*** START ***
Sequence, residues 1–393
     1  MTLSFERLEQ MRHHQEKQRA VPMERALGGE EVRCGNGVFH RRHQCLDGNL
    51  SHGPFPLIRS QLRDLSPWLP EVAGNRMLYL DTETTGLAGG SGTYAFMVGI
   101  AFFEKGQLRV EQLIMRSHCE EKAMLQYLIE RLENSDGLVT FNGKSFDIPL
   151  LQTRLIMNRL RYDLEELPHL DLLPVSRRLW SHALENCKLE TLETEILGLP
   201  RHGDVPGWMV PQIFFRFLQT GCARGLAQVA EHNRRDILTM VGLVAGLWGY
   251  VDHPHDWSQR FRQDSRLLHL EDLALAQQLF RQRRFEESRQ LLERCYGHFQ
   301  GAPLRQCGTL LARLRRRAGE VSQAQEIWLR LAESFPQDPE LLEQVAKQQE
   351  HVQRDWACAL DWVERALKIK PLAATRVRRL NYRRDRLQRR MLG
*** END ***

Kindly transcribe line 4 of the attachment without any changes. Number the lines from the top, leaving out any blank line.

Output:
   101  AFFEKGQLRV EQLIMRSHCE EKAMLQYLIE RLENSDGLVT FNGKSFDIPL